Surf’n Safari


The safari jacket has all but disappeared from mens’ wardrobes——even in places like Brooklyn, it seems, where anything vintage or vintage looking has appeal——perhaps because it’s almost too ‘normcore’ or perhaps because it reminds us too much of 70’s casual wear. Reason enough for its comeback, seems to me.

But despite its appeal to war correspondents as an almost obligatory uniform——think Dan Rather on the road——it’s hard to imagine quite how to wear it if one isn’t actually on a real safari. Brands have tried to bring it back; this one in gabardine is actually by Martin Margiela from a few years ago, deeply (and I mean deeply) discounted presumably because no one wanted to buy it, and even the uber-hip Japanese brand Engineered Garments made a safari jacket in seasons past. I’ve always liked them, and I’ve never been on safari or covered a war, mainly because they’re utilitarian (where else to put your eye, phone, iPad mini, notebook, etc.?) and few items of clothing work better for wearing over a t-shirt in the months when the weather is warm and chilly on the same day.

The key is to not try to dress a safari jacket up——the opposite of 1970’s GQ covers—-and to wear it with jeans and t-shirt, henley, or polo shirt. While a plain white t-shirt is always right, this striped panel rib cotton T by American Trench, spun and made in the U.S. and coming soon to their store, is just too damn perfect for a warm spring day. Perfect for pre- and post surfing, as is the jacket, an item I expect just might take off among the surf crowd before the hipsters follow suit….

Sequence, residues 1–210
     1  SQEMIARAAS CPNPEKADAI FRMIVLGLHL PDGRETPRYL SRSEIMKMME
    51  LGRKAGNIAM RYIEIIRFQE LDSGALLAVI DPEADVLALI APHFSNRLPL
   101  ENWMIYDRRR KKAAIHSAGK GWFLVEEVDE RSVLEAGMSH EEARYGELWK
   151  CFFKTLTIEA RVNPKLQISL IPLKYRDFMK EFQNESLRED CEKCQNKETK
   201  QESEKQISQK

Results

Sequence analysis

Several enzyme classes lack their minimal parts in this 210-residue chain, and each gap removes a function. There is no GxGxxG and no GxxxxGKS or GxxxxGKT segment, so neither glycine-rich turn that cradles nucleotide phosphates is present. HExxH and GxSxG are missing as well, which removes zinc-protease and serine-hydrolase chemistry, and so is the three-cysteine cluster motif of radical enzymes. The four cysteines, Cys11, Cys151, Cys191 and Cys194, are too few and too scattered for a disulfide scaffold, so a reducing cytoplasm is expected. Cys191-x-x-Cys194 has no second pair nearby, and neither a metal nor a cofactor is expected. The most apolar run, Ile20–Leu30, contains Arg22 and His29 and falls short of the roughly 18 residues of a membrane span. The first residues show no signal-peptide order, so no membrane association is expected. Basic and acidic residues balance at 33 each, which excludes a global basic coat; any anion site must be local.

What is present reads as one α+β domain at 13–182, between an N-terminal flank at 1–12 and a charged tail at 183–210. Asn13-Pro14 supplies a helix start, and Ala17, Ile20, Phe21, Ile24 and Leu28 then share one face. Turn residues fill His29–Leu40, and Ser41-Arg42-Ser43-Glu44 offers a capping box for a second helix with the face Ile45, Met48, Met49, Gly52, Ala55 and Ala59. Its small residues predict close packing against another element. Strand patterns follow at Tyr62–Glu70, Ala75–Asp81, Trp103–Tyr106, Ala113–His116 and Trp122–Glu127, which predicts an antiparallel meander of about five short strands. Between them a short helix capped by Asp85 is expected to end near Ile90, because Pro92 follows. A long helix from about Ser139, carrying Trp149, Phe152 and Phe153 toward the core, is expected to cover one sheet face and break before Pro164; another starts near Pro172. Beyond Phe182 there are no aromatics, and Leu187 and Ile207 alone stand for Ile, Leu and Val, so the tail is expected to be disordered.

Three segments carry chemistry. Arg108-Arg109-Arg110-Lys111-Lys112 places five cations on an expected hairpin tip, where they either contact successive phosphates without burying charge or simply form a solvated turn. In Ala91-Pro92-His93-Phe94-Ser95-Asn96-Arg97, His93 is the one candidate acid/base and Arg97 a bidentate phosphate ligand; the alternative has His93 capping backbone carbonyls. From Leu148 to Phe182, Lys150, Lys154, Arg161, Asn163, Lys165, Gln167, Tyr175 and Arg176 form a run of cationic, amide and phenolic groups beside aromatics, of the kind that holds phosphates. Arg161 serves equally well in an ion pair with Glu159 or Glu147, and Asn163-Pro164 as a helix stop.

Tattoo Brooklyn


In Brooklyn, the “coolest ” city in the world, at least according to GQ Magazine and certainly to its residents, one sometimes wonders if having visible tattoos is as much a requirement to rent or own as a clean credit history and healthy bank account might be. I, tattoo-less but bearded, perhaps stand out as a rebel for my lack of body art, but I’ve always been concerned that tattoos, while extremely fashionable and sometimes attractive, at least on lithe bodies, won’t stand the test of time. Unlike clothes which one can change with abandon, or facial hair that goes as easily as it comes, tattoos are basically there for life. Yes, they can also be stylish, but be prepared for them to be your enduring style, no matter the fashion cycle, for the rest of your life. Think Mike Tyson vs. Muhammad Ali.